Posts tagged doctors
Frontiers Without Medicine

It did not take long for the infant to die. A half hour after her parents brought her into the makeshift emergency room lit by hazy flashlights, she was gone. 

The 26-year-old doctor, a third-year resident, worked frantically over her lifeless body. He had not slept for a day, but he was determined to save her life. The doctor, who goes by just the name Dr. Hamza, lost the battle. 

After a few minutes’ resuscitation, the girl died. The doctor wrapped a triangular cloth around the small corpse. Her mother slumped on a chair, in shock. Her father paced the room. 

They had not yet named her. This baby did not die of shrapnel wounds or a sniper’s bullet. She died from a respiratory illness. 

According to the charity Save the Children, the majority of children’s diseases in Syria-measles, diarrhea and respiratory illnesses-are treatable. 

"When I see a wizened dead baby," said one U.N. officer. "I think: did they really die of starvation? Or did they die of some horrible disease? Or even a treatable one they can’t get drugs for?" 

Sixty percent of the hospitals in Syria are damaged or destroyed; half the doctors have fled the country. Medicine is heading backward several centuries.

Frontiers Without Medicine

It did not take long for the infant to die. A half hour after her parents brought her into the makeshift emergency room lit by hazy flashlights, she was gone.

The 26-year-old doctor, a third-year resident, worked frantically over her lifeless body. He had not slept for a day, but he was determined to save her life. The doctor, who goes by just the name Dr. Hamza, lost the battle.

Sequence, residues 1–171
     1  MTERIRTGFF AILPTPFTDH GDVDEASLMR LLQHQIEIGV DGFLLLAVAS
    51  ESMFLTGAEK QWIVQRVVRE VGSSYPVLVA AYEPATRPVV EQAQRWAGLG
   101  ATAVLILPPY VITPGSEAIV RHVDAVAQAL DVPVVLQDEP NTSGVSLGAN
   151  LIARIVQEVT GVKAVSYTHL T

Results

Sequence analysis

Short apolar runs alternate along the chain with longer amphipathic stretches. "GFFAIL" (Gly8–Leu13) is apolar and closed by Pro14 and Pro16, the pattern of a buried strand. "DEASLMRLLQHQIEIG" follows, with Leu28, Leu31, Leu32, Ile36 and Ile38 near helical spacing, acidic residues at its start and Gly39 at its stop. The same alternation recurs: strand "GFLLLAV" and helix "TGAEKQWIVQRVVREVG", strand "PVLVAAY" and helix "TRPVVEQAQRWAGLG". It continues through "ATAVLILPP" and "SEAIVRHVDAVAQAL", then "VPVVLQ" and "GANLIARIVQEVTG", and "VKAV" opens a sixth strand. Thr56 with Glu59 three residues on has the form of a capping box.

After a few minutes’ resuscitation, the girl died. The doctor wrapped a triangular cloth around the small corpse. Her mother slumped on a chair, in shock. Her father paced the room.

They had not yet named her. This baby did not die of shrapnel wounds or a sniper’s bullet. She died from a respiratory illness.

According to the charity Save the Children, the majority of children’s diseases in Syria-measles, diarrhea and respiratory illnesses-are treatable.

"When I see a wizened dead baby," said one U.N. officer. "I think: did they really die of starvation? Or did they die of some horrible disease? Or even a treatable one they can’t get drugs for?"

Sixty percent of the hospitals in Syria are damaged or destroyed; half the doctors have fled the country. Medicine is heading backward several centuries.